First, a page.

Several authors have documented the production of protracted analgesia (days to weeks) with administration of IV lidocaine [2,4,13] which also suggests the presence of an unconventional pharmacodynamic response to blood or serum concentrations of lidocaine as the half-life of lidocaine is only 1.6 h . In the present study, the production of protracted analgesia was examined by administration of the short-form McGill Pain Questionnaire, and any concomitant increase in functional activity was assessed using the Multidimensional Pain Inventory. There was no evidence of protracted analgesia or an increase in functional activity when measured at 1 and 2 wk postinfusion. This is in contrast to the study of Edwards et al.  where 33% of patients responding to IV lidocaine had pain relief of greater than 1 wk duration. The reasons for this discrepancy are obscure, but are perhaps related to the smaller number of patients (n = 13) in this preliminary study examining blood concentrations as compared to the larger descriptive study of Edwards et al.  (n = 211).
Similar to the findings of Edwards et al. , Galer et al. , and Rowbotham et al. , certain patients did not achieve complete analgesia. The reasons for their partial analgesic responses are also obscure. Would administration of greater quantities of lidocaine have achieved a complete response? Certainly, the partial analgesic responses cannot be attributed to higher initial intensities of pain Table 1 or a preponderance of central or peripheral pathologies in these incomplete responders Table 1. [Various authors have suggested the predominance of central [1,13,16] versus peripheral  analgesic mechanism(s) for IV lidocaine as its site of action is not clear. No conclusions regarding the predominance of one mechanistic site or another can be drawn from the present findings due to the small total number of patients and the preponderance of patients with a probable peripheral origin for their pain.]
A possible criticism of this preliminary study is the lack of methodology to exclude placebo responders. Patients included in this study were referred to the Pain Center specifically to receive infusions of IV lidocaine as it is a conventional therapy for the treatment of neuropathic pain. Regardless of a response to a placebo infusion, patients would have received IV lidocaine as therapy for their neuropathic pain. Thus we thought it unwise to include placebo infusions .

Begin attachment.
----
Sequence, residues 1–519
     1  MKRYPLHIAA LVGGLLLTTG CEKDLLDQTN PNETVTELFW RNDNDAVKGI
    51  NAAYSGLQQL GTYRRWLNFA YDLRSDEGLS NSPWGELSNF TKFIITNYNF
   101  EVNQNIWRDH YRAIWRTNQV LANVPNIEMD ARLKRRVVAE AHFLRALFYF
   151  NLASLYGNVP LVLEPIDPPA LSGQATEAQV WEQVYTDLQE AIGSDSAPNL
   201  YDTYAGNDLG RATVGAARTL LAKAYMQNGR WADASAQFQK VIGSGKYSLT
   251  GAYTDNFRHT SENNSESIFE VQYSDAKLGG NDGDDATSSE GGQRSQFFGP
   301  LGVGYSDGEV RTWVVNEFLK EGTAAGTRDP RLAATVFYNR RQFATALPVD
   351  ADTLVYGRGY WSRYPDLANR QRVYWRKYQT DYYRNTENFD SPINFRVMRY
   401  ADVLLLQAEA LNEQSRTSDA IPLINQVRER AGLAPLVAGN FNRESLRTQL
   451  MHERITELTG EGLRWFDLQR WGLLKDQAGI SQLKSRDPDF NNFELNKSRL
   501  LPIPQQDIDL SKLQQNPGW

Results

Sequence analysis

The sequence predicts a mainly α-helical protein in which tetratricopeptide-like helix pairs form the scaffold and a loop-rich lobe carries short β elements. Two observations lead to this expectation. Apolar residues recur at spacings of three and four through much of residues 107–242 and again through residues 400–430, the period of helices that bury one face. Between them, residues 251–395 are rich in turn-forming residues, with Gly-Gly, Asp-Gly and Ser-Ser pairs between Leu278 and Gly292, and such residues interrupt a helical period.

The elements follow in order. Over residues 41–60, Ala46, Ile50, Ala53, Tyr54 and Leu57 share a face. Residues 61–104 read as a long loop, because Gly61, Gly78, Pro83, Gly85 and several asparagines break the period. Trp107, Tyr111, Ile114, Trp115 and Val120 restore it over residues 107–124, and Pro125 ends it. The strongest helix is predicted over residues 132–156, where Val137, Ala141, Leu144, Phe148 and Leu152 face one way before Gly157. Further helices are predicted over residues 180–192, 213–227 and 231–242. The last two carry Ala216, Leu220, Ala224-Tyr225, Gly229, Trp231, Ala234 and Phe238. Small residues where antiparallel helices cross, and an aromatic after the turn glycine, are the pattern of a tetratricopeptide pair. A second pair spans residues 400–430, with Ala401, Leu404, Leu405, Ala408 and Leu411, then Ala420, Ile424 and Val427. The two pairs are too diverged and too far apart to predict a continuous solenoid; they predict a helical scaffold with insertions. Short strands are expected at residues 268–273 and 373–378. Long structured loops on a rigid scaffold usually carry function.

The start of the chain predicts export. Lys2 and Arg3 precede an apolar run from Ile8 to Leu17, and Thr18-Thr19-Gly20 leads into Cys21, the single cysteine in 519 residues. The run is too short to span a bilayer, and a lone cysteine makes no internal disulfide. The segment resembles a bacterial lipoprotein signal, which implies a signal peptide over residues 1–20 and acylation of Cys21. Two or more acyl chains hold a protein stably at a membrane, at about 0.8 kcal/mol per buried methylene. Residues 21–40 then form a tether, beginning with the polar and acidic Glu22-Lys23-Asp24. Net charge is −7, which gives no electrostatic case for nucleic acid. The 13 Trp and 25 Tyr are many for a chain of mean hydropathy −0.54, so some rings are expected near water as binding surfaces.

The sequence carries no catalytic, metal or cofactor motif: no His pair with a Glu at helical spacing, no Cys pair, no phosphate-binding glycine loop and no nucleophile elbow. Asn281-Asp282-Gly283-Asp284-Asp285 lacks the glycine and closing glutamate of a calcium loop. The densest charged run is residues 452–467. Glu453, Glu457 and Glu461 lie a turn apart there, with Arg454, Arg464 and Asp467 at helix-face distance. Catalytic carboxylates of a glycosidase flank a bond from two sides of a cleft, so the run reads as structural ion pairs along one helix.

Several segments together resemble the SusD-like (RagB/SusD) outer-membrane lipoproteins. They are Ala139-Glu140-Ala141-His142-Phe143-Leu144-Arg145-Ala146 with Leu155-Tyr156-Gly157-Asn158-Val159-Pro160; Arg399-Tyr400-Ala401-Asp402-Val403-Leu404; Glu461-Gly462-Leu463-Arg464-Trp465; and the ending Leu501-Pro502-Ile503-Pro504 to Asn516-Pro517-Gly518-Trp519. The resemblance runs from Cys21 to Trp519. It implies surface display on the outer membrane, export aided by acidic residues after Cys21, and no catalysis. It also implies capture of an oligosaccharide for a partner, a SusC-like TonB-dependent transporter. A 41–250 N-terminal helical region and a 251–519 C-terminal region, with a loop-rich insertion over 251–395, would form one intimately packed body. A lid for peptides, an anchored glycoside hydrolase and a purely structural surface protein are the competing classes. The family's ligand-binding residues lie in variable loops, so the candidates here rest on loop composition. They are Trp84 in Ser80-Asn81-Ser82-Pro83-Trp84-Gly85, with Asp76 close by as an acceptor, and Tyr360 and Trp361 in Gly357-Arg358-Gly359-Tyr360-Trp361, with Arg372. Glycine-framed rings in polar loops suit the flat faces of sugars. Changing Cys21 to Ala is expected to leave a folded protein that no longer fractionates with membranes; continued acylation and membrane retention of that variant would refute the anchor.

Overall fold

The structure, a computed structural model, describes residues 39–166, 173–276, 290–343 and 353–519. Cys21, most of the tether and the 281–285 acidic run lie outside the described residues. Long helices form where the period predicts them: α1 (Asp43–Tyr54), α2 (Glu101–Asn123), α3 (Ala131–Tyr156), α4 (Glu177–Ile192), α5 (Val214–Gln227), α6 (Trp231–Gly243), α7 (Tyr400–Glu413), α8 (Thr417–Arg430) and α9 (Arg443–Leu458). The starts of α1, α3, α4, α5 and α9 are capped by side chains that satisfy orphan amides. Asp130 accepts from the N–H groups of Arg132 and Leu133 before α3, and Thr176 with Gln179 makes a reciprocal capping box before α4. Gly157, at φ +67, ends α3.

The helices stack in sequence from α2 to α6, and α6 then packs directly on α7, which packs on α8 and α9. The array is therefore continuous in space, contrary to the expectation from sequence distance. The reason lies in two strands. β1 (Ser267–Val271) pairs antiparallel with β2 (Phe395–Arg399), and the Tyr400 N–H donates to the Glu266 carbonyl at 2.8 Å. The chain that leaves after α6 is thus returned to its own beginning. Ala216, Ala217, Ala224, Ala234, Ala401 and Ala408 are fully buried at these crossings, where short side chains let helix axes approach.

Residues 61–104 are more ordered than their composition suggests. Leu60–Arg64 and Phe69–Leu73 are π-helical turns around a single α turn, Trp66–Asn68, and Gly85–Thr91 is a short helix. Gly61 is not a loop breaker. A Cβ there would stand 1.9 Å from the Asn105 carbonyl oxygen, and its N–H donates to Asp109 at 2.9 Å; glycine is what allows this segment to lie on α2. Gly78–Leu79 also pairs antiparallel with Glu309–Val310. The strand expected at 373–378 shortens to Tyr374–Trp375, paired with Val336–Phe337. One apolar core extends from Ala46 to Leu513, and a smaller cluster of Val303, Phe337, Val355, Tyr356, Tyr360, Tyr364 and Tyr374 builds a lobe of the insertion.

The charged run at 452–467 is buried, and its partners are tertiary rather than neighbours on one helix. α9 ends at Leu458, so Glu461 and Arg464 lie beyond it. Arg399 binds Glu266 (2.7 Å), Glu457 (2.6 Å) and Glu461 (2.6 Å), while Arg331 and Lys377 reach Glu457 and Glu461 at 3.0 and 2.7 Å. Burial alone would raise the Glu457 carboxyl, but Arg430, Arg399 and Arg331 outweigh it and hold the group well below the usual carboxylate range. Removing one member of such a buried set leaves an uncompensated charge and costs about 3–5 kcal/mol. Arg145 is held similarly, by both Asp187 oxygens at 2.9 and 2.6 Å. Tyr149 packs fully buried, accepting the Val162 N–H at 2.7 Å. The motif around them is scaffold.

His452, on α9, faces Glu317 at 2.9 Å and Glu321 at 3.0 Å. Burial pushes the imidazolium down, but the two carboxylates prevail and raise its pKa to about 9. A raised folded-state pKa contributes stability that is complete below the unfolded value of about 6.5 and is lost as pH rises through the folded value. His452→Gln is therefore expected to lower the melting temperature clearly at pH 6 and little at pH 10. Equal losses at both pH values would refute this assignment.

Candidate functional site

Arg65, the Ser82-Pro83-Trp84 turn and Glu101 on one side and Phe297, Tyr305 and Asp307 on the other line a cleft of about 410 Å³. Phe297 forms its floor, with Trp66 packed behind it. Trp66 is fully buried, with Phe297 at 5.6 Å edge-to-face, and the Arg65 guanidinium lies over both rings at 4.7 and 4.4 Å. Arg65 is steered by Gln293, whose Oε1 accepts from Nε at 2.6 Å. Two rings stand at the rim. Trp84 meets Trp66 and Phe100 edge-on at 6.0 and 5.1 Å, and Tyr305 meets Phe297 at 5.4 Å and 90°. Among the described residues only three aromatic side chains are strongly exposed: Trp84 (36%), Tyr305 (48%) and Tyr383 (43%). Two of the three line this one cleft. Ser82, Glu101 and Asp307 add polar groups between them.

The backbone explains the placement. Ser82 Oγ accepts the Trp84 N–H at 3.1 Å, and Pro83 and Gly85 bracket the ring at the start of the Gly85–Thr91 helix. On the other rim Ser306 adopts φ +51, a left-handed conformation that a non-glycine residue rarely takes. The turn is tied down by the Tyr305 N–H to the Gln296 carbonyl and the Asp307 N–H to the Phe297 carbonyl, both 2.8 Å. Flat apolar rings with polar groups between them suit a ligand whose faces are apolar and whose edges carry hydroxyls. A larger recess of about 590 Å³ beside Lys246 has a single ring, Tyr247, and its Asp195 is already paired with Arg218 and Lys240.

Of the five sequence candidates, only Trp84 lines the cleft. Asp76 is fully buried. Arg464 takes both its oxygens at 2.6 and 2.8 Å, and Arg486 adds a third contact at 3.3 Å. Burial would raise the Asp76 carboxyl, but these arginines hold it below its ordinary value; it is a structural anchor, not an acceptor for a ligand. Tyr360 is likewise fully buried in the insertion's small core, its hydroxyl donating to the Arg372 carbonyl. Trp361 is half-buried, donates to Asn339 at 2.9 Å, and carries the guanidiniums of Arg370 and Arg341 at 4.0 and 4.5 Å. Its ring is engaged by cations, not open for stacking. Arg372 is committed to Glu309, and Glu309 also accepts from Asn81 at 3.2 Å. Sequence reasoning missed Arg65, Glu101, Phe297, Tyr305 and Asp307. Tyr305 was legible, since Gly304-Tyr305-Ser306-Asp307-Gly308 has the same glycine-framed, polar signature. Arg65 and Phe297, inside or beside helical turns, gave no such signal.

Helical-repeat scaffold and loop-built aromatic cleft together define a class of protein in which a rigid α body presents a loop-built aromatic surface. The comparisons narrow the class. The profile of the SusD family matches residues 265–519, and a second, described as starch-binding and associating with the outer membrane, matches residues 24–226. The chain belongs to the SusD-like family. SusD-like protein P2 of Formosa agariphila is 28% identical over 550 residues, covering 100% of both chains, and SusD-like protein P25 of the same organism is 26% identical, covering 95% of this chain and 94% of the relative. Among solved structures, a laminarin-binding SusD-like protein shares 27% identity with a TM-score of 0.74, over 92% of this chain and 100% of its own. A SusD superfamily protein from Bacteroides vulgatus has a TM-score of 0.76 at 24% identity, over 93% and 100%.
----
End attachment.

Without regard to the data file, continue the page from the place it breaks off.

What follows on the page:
In summary, the results of this study suggest that large increases in analgesic response are achieved for very minimal increases in dosage when IV lidocaine is used for the treatment of neuropathic pain. The slopes of both the graded (entire group) and quantal (linear portion) dose-response curves were very steep. The slope of the linear portion (ED20 [330.0 mg] through ED90 [416.5 mg]) of the quantal dose-response curve was almost reminiscent of an "all-or-none" phenomenon Figure 2. The concentration-effect relationship was also steep, with pain scores abruptly decreasing over a range of 0.62 micro gram/mL of lidocaine Figure 1. The free concentration of lidocaine was no better correlated with the onset of analgesia or the attainment of complete analgesia than the serum concentration of lidocaine. This suggests that the pharmacodynamic response to IV lidocaine may not be predicated upon a conventional concentration-effect relationship. Corroboration of this hypothesis and elucidation of its implications are important topics for further research. In conclusion, the results of this study suggest that the analgesic response to IV lidocaine for the treatment of neuropathic pain of varying etiology was best characterized by an abrupt "break in pain" over a narrow dosage and concentration range.
The authors wish to thank Igor Kissin, MD, PhD, for his advice in analysis of the data and preparation of the manuscript.
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© 1996 International Anesthesia Research Society